Title: Public Secrets
Author: Nora Roberts
No. of Pages: 439
First Released: 1990
Synopsis (Courtesy of Joseph-Beth Booksellers): “Emma McAvoy may have grown up in the limelight, but some secrets are hidden in a darkness no light can reach. Now on the verge of a successful career, and having fallen in love with the man of her dreams, Emma is looking to the future. Yet it’s the past that is about to catch her from behind.
For Emma, her childhood had been almost like a rags-to-riches fairy tale—until the tragic night that changed her family forever. But what Emma thinks she knows about that terrible night and the man she’s about to marry is only half the truth. The other half is locked away in the last place she’d ever think to look: her own memories. It’s a mystery a handsome and relentlessly driven homicide detective needs to solve in a case that’s haunted him for years . . . and a secret someone will kill to keep.”
Comments and Critique: This was a completely random book choice, as in I let Random.org choose a number, and the number coincided with this book, all in the spirit of the Random Reading Challenge. I like a good Nora Roberts and consider her my go-to escapist literature, so I was not upset that this book was the next pick.
When I purchased the book last year, it looked vaguely familiar. Let me be clear; I have read a LOT of Nora Roberts. Between haunting the library shelves in Germany for her books and purchasing almost all of the rest, I do believe that I have read most of her books. There are only a few I have not gotten around to reading. When I bought Public Secrets, I thought this was one of those that remained unread. After reading the first page, I remembered the story. It turns out I did read it more than ten years ago and just forgot that I had. Big time #michellefail, but I figured this was a good one for the Flashback Challenge. There is nothing wrong with re-read!
The best part about this story is that it is not, in my opinion, a typical Nora Roberts novel. She breaks away from her formula and gives us something a bit different. Yes, there is a romantic lead and a murder mystery, but the romance and the mystery itself play as the backstory to the overarching plot of Emma’s development and growth as a strong female character. Rather than flashing back to Emma’s past in the first few chapters, the book actually starts out when Emma is three years old, and we follow her progression as she ages. In addition, Emma is not the sole focus. At times, the reader is able to get more insight into her father, at times the narrator focuses on her mother and stepmother. The reader watches Emma grow, make poor decisions, and face the consequences. It is a break from the formula, but it definitely works.
If my daughter were to come to me, in future years, and ask me which one Nora Roberts book should she read, I would almost have to say Public Secrets. As a mother and a female, there are some very strong moral messages delivered in such a way that it is palatable to the reader. Throughout the novel, Ms. Roberts shows us the damage that sex, drug and alcohol abuse, domestic violence, and child abuse can wring on a person (no, not the same person). She shows us that to be popular, you can find ways to avoid drugs and alcohol when offered to you, that it is okay to wait, and more importantly, that you can and should stand up for yourself and your beliefs. The most important message of all that Ms. Roberts passes along is the idea that it is okay, and sometimes necessary, to admit mistakes and ask for help. These are ideas that some would argue need to be shared and discussed a bit more these days.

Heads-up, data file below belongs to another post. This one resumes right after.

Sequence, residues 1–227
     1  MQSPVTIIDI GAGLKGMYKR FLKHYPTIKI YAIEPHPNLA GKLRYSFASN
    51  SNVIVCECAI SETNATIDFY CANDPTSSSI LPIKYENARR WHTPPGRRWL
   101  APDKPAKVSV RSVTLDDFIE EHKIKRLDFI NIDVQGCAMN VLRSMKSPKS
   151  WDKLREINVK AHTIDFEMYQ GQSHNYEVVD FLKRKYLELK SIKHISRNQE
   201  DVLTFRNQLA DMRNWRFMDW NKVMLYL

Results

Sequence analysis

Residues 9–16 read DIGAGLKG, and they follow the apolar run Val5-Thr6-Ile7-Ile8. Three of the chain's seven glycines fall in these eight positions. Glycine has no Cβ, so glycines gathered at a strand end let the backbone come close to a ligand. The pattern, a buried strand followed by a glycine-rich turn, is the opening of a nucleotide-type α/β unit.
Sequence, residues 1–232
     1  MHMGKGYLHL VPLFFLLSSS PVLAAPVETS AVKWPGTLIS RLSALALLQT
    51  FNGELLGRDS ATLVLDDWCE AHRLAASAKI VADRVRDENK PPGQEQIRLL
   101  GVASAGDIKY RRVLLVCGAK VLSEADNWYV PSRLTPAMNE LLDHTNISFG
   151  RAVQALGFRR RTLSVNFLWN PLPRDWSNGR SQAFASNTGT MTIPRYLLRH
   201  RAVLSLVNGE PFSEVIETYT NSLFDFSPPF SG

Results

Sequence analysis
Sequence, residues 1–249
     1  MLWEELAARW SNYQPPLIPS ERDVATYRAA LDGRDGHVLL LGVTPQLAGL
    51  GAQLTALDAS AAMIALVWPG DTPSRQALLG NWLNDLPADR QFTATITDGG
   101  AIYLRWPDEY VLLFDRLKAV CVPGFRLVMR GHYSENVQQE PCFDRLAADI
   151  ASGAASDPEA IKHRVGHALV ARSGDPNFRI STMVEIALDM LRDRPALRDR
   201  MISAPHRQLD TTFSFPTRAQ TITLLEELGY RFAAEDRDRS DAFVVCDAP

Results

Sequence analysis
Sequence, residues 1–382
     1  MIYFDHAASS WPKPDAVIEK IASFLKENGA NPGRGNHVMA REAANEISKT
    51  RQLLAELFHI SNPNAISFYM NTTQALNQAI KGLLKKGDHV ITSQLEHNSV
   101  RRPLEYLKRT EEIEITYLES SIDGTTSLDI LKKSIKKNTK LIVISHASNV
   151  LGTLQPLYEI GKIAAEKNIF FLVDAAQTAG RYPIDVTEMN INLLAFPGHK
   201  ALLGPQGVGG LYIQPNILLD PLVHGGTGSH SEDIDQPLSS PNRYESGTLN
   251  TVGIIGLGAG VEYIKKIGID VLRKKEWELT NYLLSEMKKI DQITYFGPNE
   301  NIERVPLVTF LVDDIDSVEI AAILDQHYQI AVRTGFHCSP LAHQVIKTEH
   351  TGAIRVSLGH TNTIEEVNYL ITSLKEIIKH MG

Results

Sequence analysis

I am and always will be a Nora Roberts fan. There may be books of hers which I would not call favorites, but I almost always enjoy her work. Public Secrets is no exception. Reading it again helped me understand just what a gem this book is, and reading it after having read so many of her other works made me realize how unique it is in the Roberts canon. Ms. Roberts is not one to shy away from interesting or controversial topics, but I believe she outdid herself with this one. Her tackling of domestic violence is spot on, from the emotional and mental abuse escalating to physical violence to the shame and guilt a person feels when in that situation. Emma McAvoy is a character every woman should come to respect and admire for battling her personal demons and winning. For those of you Nora Roberts fans who have not had the pleasure, I highly suggest picking up this selection as soon as possible so that you too can discover what a gem it is!
This selection counts for the 100+ Reading Challenge, the Read ‘n Review Challenge, the Random Reading Challenge, the Social Justice Challenge, the Women Unbound Challenge, the Thriller & Suspense Challenge, and the Flashback Challenge. Dear FTC, I purchased this with my own money.
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